No…not us! I was referring to the two different turkeys we made for Thanksgiving this year, but we have been a bit fowl (teehee) for not posting in so long! The M family has recently moved to the burbs and it’s been a crazy few months of packing, unpacking, and settling into our new place with Baby T. I think I was also on the sidelines deciding whether or not I wanted to continue this blog, but I’ve suddenly been motivated to get going again as we approach our two year anniversary of the 2 Sisters 2 Cities blog! (It doesn’t hurt that Husband M also decided to write most of this blog entry to get me going…)
We hosted our first Thanksgiving in our new home this year with my parents and all 3 sisters making the trip to the Boston area (including Sister K!) A few years ago, we had purchased a turkey fryer to keep a large batch of gumbo warm for a football tailgate. It had sat sadly in storage for many years. This year, we decided to bring it out for a battle of the two turkeys…fried vs. roasted! Here is Husband M’s rendition of the fried turkey tale:
Frying a turkey for Thanksgiving was something we had always wanted to do because we heard how good fried turkey tastes. We had been somewhat cautious after hearing how dangerous this can be, as some serious accidents and fires have occurred as a result of improper turkey frying (search the internet for turkey frying.) However, after following directions properly and using caution, we are happy to report that our fried turkey was a great success. We had one slight distraction- an unexpected and ironic guest, which we will discuss in a minute.
1) One small to medium-size turkey, depending on pot size (we used 11 lbs).
2) Some type of dry spice rub to put on the turkey before frying (we used Paula Deen’s version found here)
3) Peanut oil (we bought a large vat at Costco)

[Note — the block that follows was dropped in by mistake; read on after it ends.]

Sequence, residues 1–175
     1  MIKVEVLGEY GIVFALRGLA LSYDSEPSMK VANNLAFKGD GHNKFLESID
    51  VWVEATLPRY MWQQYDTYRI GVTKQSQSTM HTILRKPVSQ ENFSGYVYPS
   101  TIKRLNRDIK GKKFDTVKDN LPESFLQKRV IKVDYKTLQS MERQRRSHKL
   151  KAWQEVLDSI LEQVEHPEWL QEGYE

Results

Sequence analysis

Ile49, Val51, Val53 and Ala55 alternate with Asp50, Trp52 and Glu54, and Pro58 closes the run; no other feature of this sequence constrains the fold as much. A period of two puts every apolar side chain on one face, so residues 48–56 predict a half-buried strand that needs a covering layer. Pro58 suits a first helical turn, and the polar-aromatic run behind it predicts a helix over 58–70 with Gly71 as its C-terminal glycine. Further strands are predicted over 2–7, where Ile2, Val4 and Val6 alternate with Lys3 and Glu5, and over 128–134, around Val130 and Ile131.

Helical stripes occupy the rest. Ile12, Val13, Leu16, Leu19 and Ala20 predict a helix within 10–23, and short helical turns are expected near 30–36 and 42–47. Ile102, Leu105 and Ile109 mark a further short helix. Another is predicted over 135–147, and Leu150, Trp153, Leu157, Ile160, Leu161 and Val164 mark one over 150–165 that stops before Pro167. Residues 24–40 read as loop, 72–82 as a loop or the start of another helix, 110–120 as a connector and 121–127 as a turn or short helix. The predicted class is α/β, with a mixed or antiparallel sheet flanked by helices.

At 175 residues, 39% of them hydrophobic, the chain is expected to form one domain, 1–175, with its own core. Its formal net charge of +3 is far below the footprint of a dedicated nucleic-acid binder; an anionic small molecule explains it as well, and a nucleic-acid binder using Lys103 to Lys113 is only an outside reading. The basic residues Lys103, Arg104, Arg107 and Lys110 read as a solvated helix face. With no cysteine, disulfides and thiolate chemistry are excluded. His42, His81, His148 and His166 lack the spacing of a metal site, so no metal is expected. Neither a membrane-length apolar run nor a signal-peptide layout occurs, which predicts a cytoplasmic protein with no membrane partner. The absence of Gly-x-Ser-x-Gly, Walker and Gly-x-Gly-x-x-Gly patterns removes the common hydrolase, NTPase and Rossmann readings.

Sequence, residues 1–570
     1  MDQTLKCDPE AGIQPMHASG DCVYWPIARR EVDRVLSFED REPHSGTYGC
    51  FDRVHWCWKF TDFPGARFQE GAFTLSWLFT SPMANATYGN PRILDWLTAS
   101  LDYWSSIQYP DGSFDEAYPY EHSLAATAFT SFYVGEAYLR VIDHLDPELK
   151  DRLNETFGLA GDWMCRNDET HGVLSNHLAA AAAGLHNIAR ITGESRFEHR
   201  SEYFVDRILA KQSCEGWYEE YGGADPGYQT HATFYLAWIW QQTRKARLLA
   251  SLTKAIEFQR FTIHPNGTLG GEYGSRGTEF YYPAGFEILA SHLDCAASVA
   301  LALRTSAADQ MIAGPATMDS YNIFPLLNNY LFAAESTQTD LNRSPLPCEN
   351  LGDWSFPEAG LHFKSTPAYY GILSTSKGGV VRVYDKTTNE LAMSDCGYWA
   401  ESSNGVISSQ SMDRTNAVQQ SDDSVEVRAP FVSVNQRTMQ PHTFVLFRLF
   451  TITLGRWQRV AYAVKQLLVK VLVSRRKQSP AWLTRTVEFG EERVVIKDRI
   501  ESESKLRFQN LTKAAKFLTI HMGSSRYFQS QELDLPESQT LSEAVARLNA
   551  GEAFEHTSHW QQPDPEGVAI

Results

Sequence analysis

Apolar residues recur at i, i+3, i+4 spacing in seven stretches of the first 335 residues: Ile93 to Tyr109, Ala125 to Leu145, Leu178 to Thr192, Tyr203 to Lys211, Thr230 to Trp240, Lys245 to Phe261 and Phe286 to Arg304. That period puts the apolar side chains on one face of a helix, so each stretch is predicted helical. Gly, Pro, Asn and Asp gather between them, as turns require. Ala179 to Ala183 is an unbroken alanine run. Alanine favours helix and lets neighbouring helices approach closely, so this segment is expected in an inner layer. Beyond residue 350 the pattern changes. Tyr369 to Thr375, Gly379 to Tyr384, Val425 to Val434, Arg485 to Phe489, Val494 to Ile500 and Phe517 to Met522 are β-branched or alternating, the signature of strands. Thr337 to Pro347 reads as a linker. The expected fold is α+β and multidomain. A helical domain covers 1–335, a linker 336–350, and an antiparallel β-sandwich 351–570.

Anyone doing this should consult the proper instructions that come with the proper equipment, but here is a description of the steps we undertook that lead to a successful outcome
-Using proper equipment and being located outside, at least twenty feet from any structure.
-Filling the oil only partially (measuring displacement with water first). You don’t want hot oil overflowing out of your pot and on to the flame- this will cause an explosion.
-Not letting the oil temperature exceed 350 degrees.
-Making sure the turkey was completely thawed and dry. This required four full days of defrosting. This is a key step as throwing a frozen turkey in boiling oil will result in a fiery explosion (see results of internet search mentioned above).
-Turning the heat off while placing the turkey in the pot. This way, if the oil were to boil over due to a mistake made in one of the points above, the overflowing oil would not fall on a hot flame and ignite.
-Letting the turkey fry for approximately 3.5 minutes per pound.
Again, these are just an illustrative description and not a complete set of instructions. This is a potentially dangerous process, and anyone looking to fry their own turkey should follow the full instructions that come with the equipment and/or speak with their local fire department. We are not responsible if you melt your face off or burn your house down.
The result was a fast cooking time and a tender bird with great taste. It was not oily at all, contrary to what one might think. I guess the oil just seals in all the moisture.
Here is a picture of our guest….look carefully. A wild turkey ran by our yard while we were cooking our turkey. Perhaps he is thankful he is not in that pot.
Here’s a final pic of the fried turkey…yum!:
We also did a basic roast turkey just in case Husband M botched up the friend turkey, ergh, I mean in case we wanted more turkey. We used this recipe in this year’s Cooking Light. My mom brought the gravy so we did not make the version in the recipe. We also used a Reynolds oven bag to cook the turkey in to seal in the moisture. Here’s a picture of me with the two finished birds sitting side by side:
The final verdict: we loved both of them! The skin on the fried turkey was amazing, but the oven bag really helped keep the roasted turkey moist. It may be a tale of two turkeys every year for Thanksgiving going forward.